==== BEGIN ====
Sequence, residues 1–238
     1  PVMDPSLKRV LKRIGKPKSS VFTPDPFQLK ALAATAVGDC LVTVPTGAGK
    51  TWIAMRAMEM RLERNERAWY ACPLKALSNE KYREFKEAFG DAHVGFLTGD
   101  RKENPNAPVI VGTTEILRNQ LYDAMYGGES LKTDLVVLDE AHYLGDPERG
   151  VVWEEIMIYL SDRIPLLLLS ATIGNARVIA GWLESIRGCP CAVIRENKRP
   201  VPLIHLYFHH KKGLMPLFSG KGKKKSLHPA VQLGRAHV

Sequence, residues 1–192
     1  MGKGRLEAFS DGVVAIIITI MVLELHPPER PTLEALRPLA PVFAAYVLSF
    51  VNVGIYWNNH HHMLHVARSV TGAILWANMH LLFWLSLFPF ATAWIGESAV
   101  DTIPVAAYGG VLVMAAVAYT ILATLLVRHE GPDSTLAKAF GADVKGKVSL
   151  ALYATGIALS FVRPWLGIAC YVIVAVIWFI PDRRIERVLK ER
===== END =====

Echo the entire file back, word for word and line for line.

Sequence, residues 1–238
     1  PVMDPSLKRV LKRIGKPKSS VFTPDPFQLK ALAATAVGDC LVTVPTGAGK
    51  TWIAMRAMEM RLERNERAWY ACPLKALSNE KYREFKEAFG DAHVGFLTGD
   101  RKENPNAPVI VGTTEILRNQ LYDAMYGGES LKTDLVVLDE AHYLGDPERG
   151  VVWEEIMIYL SDRIPLLLLS ATIGNARVIA GWLESIRGCP CAVIRENKRP
   201  VPLIHLYFHH KKGLMPLFSG KGKKKSLHPA VQLGRAHV

Sequence, residues 1–192
     1  MGKGRLEAFS DGVVAIIITI MVLELHPPER PTLEALRPLA PVFAAYVLSF
    51  VNVGIYWNNH HHMLHVARSV TGAILWANMH LLFWLSLFPF ATAWIGESAV
   101  DTIPVAAYGG VLVMAAVAYT ILATLLVRHE GPDSTLAKAF GADVKGKVSL
   151  ALYATGIALS FVRPWLGIAC YVIVAVIWFI PDRRIERVLK ER